The final major element that sparked conflict among critics was the visible diversification of the racial makeup of the Sharks and Jets. The original West Side Story added racial diversity to the tale of Romeo and Juliet by turning the entirely white Capulets and Montagues into the Puerto Rican Sharks and white Jets. Laurents and Robbins dove into the Latin American experience with their retelling of the Shakespearean tragedy. In the revival, van Hove wished to simply include more people of color from other races and ethnicities to model the gangs after what America currently looks like. The original West Side Story put Romeo and Juliet into 1950's America where racial discrimination was a hot topic, and the revival put the Shakespearean tale into 2020's America where society is integrated, yet people still act on their implicit biases. Once again, only the latter production garnered negative reception for a radical decision.

The illogical argument some critics create is that racial diversification is only acceptable for the story of Romeo and Juliet in the original West Side Story with two races, but not in the revival with multiple races intertwining in the gangs. Romeo and Juliet was a simple story to keep track of even when audiences did not know which family an ensemble member belonged to, and in the original West Side Story, racial division added a visual element to the story that is not necessary for comprehension. Nonetheless, since West Side Story was interpreted as an entirely new tale, audiences believed that every iteration of it must have a clear color division between the gangs for it appeared to be the reason the gangs were feuding. The revival reveals that the gangs, just like the Montagues and Capulets, are not fighting due to racial differences, but instead due to opposing sociopolitical ideologies. The Sharks believed they had a right to call New York their home to follow the American dream whereas the Jets thought only they could claim the streets of New York since they were there first. Critics who believe the revival must replicate the original West Side Story display their implicit biases that van Hove warns of in his production. Some critics, just like the characters in the show, react without thinking or confronting their implicit biases.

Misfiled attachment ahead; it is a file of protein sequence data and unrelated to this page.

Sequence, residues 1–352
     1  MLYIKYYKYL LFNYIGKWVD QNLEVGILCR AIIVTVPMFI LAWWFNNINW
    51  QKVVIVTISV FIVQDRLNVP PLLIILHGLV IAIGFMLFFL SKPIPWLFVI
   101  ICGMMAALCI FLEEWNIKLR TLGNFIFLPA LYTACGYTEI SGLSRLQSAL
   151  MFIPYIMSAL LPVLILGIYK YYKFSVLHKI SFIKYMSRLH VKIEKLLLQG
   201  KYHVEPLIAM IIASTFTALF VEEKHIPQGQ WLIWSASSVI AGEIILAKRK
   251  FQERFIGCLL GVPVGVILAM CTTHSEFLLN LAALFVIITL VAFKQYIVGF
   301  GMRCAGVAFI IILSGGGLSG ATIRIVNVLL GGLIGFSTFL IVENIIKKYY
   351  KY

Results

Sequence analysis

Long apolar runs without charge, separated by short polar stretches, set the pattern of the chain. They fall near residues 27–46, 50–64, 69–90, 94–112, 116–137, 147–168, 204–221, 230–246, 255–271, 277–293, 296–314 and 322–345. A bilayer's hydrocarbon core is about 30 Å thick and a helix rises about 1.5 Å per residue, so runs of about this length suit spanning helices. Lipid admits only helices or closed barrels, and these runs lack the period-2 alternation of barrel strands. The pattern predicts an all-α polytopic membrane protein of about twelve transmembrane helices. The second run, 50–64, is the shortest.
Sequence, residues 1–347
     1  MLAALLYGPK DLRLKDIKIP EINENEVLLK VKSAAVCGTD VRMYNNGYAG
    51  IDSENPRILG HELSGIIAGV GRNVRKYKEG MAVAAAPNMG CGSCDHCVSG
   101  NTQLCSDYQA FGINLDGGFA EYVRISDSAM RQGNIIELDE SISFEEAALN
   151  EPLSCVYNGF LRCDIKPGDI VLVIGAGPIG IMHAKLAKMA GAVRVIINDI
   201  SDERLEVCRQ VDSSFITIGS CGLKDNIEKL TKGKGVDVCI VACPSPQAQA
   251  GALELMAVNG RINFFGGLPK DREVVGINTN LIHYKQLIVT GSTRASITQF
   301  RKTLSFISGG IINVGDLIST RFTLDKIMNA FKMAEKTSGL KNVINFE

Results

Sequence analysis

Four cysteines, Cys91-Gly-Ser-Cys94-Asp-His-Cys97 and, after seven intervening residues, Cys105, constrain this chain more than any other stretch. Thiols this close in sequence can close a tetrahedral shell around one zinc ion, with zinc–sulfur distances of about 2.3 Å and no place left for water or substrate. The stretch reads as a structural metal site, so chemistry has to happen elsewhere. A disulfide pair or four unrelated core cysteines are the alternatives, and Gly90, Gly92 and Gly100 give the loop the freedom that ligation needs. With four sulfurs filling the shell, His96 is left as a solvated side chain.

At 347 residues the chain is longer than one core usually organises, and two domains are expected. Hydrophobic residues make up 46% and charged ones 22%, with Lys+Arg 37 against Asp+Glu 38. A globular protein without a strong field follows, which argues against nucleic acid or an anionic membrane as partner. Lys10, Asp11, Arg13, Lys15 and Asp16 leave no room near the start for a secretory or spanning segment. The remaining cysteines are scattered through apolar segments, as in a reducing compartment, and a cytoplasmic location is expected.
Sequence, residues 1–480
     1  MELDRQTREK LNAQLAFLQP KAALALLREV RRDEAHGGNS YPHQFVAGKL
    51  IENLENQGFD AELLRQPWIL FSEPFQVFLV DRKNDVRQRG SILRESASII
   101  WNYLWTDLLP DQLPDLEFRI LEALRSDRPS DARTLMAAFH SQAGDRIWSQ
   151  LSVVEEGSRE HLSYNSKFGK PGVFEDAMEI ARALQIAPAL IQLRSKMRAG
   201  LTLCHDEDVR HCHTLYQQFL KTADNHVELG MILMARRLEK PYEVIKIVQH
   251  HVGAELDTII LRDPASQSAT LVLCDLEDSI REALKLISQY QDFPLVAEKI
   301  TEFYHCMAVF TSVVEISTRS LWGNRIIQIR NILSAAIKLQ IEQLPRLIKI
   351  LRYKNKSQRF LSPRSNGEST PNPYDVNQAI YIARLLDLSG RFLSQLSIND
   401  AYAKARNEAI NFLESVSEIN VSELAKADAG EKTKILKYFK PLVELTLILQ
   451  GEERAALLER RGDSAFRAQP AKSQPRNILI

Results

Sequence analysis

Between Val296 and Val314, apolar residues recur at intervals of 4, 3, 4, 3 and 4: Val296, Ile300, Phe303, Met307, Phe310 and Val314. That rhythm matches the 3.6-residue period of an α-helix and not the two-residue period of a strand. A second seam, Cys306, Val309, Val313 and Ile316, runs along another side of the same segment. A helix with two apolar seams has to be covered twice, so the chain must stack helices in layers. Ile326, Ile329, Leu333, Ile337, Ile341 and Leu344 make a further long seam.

A crucial question that arises from the positive reception of the original West Side Story and the 2020 revival is whether radical change is justified in the retelling of a story. When exploring the reviews of the original production, it is evident that the creative team received only praise for what is framed as an original story. In reality, the original West Side Story is a retold story that, just like a memory, is constructed differently due to being recalled many years later. The revival was merely another retelling of Romeo and Juliet through the lens of a prior retelling, yet many critics did not think it deserved any acclaim for having radical changes. These critics do not grasp that van Hove's addition of live video, new choreography, and multiculturalism to West Side Story is equally as extreme as Robbins adding musicality, dance with narrative purpose, and racial divides to Romeo and Juliet. Critics who approached the revival as Broadway traditionalists clearly have not reckoned with the fact that the original production is in no way a traditional version of Romeo and Juliet. Perhaps the lyricist of the musical in question can best lead these critics to an understanding of the evolution of stories.

When asked his thoughts on van Hove's modernization of West Side Story, Sondheim declared "what keeps the theatre alive is reinterpretation." Critics who fell in love with the original West Side Story and believe it was not done justice in the revival must recognize that theatre is a dynamic medium that changes. If the artform can change, then the stories it shares should be able to change. These critics must ask themselves whether West Side Story does justice to Romeo and Juliet before proclaiming the 2020 revival should not have made changes to the musical. Otherwise, critics may continue to develop illogical reviews that ignore how stories are retold. West Side Story is the American theatre's memory of Romeo and Juliet. It will continue to be changed to fit modern times, yet the same story of love amongst feud will always remain at its heart through every retelling.


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From This Author Student Blogger: Blake Velick